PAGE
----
Has COP15 delivered for biodiversity?

19 December 2022


Born Free’s International Policy Specialist Adeline Lerambert, and Head of Policy Dr Mark Jones, report on the outcomes of the global biodiversity meeting that has taken place in Canada.

The world’s leaders, Environment Ministers and thousands of people representing all strands of society have been gathered in the Canadian city of Montreal over the past two weeks to finalise a new global deal for nature, the so-called Kunming-Montreal Global Biodiversity Framework.

Born Free’s Head of Policy, Dr Mark Jones.

The meeting, dubbed ‘COP15’, which has been chaired by the government of China and hosted by Canada, was the culmination of three years of intense talks between governments under the auspices of the United Nations Convention on Biological Diversity.

The negotiators have spent well over fifty hours in Montreal reviewing and negotiating every word of the text, the final version of which finally received the seal of approval in the early hours of 19th December 2022. But does the agreement represent the ‘transformative change’ the world has been anticipating? Will it prove to be the catalyst for halting and reversing the catastrophic decline in nature caused by our destructive activities?

Responding to the adoption of the framework, Born Free’s International Policy Specialist Adeline Lerambert said:

“In the final analysis, while the Global Biodiversity Framework by no means contains everything we would have wanted to see, it does represent a recognition by the global community that wildlife is in dire crisis, and that we need to seriously change our relationship with nature for its sake and for our own.

Born Free’s International Policy Specialist, Adeline Lerambert.

“Our advocacy efforts over the past three years and during the conference itself, alongside those of the like-minded organisations and individuals with which we work, have helped ensure the inclusion of many of our key priorities for reducing wildlife exploitation and trade and protecting animal (and by extension human) health and well-being, albeit with less emphasis on the need for bold and urgent action than we would have liked. At the very least, the framework provides us with a set of goals and targets against which we can hold governments to account.”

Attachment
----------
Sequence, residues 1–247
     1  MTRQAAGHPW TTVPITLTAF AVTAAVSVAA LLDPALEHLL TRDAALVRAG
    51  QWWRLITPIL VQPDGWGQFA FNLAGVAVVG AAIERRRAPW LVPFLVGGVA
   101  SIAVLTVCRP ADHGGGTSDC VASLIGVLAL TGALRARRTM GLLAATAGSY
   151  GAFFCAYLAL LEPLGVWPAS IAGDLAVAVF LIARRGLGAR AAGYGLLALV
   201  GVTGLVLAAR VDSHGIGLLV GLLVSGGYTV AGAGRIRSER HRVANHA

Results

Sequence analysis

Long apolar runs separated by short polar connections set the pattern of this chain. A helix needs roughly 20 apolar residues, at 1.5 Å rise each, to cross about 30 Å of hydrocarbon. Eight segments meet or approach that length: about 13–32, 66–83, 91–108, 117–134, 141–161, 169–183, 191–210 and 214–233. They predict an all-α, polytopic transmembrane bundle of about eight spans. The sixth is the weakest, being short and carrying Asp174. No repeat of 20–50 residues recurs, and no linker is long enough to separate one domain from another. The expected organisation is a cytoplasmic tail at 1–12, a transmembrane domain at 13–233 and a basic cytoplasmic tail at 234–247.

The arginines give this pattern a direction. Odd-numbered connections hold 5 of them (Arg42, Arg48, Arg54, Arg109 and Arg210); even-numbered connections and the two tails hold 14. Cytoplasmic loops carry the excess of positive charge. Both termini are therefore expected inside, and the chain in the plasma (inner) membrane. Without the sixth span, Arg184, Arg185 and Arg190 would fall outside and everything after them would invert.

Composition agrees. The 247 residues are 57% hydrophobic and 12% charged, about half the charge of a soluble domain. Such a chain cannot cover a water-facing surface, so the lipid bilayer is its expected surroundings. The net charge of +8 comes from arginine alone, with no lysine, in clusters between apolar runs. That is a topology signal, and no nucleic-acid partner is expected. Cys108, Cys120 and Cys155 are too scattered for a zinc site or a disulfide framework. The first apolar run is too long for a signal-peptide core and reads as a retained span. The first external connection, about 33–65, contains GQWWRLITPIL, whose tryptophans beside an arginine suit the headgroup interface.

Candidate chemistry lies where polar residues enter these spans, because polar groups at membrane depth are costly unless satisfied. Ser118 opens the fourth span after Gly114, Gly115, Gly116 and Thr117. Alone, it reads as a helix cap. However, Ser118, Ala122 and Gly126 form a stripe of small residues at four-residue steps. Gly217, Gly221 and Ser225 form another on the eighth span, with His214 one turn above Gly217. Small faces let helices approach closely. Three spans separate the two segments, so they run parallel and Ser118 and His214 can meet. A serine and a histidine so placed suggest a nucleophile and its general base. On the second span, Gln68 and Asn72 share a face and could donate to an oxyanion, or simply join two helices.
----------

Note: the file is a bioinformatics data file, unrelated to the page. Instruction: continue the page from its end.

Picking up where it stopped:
In order to gain the consensus required under the UN Convention’s rules, politics has inevitably intervened, compromises have been struck, and some aspects of the text are vague or weak as a result. The process by which progress towards achieving the objectives of the agreement will be assessed is also far from comprehensive and will require further rounds of negotiations leading up to COP16 in Turkey in two years’ time.

Key issues of contention have included how and by whom biodiversity protection and recovery should be funded, and how the benefits arising from biodiversity and genetic resources can be equitably shared between regions, countries and communities. Nevertheless, the 196 governments that are party to the Convention have agreed on some positive steps for nature, wildlife and people.

Born Free’s Head of Policy Dr Mark Jones added:

“Whether the framework will prove to be the catalyst that enables the Convention to achieve its vision of ‘living in harmony with nature’ by 2050 will depend on how committed governments across the world prove to be to its comprehensive and robust application. At Born Free we will continue to do all we can to persuade governments to implement, and indeed go well beyond, the measures they have agreed here in Montreal to halt and reverse nature’s decline. The future of all life on earth, including our own, depends on it.”